<< -- 2 -- Malcolm Miller PURPOSE AND INSIGHT
He projected the music with clarity and polish, with details gaining
expression through a sweet resilient tone. The pulsating syncopations of
the first movement of the Beethoven conveyed bite, and there was piquancy
to the march-like second theme exchanged across the duo. While the ensemble
interplay was mostly sharply co-ordinated, as in the witty Scherzo,
in general the piano, though cleanly played, was far too reticent, often
lacking bite and projection, as also in the finale of the Ravel sonata or
the flamenco rhythms of the Saint-Saëns.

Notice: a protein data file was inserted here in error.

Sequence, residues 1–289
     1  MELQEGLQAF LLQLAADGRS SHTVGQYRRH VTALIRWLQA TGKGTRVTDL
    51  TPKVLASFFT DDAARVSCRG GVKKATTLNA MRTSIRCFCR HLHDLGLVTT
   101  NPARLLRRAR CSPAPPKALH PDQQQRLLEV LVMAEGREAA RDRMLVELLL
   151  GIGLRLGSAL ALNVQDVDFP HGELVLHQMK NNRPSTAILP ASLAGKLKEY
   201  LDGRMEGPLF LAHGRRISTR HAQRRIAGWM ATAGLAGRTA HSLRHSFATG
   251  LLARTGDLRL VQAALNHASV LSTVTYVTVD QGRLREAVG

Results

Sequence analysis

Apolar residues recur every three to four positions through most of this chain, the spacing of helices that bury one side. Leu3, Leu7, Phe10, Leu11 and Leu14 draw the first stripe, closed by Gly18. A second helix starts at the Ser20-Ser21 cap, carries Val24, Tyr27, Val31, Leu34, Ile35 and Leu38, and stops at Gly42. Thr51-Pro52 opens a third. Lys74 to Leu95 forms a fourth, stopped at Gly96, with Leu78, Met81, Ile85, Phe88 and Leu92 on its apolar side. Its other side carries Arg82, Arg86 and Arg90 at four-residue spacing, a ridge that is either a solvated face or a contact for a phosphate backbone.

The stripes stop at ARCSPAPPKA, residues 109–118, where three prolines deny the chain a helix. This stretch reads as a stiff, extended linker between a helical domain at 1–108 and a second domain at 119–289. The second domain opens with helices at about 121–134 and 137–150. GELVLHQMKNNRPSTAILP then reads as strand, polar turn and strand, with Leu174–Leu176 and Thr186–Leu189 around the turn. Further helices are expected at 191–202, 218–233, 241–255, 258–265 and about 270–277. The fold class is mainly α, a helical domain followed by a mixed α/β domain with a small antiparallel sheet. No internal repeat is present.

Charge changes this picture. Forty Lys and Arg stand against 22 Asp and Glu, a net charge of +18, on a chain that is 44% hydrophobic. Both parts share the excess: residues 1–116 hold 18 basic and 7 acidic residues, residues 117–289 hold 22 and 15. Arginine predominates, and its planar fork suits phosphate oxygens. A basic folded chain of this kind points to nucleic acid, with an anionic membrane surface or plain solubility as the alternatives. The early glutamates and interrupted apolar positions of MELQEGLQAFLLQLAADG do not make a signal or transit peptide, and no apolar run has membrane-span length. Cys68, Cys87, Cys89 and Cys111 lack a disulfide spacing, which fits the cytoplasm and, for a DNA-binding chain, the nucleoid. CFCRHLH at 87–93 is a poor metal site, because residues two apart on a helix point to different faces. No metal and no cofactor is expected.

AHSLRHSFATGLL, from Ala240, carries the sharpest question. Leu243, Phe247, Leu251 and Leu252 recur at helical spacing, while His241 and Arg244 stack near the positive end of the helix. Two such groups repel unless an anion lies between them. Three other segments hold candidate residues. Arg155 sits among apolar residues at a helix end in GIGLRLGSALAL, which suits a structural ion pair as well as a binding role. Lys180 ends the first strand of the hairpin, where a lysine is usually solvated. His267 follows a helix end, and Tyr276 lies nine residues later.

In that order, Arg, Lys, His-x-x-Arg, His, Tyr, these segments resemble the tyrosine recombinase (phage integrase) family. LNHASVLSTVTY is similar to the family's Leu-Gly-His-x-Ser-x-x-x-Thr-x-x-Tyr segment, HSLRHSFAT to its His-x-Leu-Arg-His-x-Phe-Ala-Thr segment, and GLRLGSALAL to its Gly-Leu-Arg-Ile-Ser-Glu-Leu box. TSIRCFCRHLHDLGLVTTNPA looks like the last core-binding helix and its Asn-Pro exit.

No matter, for there was plenty to enthral in Koeckert's interpretations.
His glistening tone in the Ravel Sonata combined with a powerfully evocative
concept of the work. The slow movement -- though needing more swing
and jazz character from the piano -- was beguiling and there was even
more feeling of jazz in the finale, a breathtaking improvisatory 'moto
perpetuum' that dazzled. The Saint-Saëns was again finely played
though the duo could have had just a bit more fun in the Spanish textures
and syncopations. Koeckert projected the suave theme with panache, and rhythmic
discipline, and a dashing cadenza before the final thematic statement. Fortunately
the capacity audience could further savour his lyricism in Tchaikovsky's
Melody as encore. Koeckert is an artist with something to express;
with room to develop, there is no doubt as to his outstanding artistic promise.
One awaits future UK appearances eagerly.
Copyright © 5 December 2002
Malcolm Miller, London, UK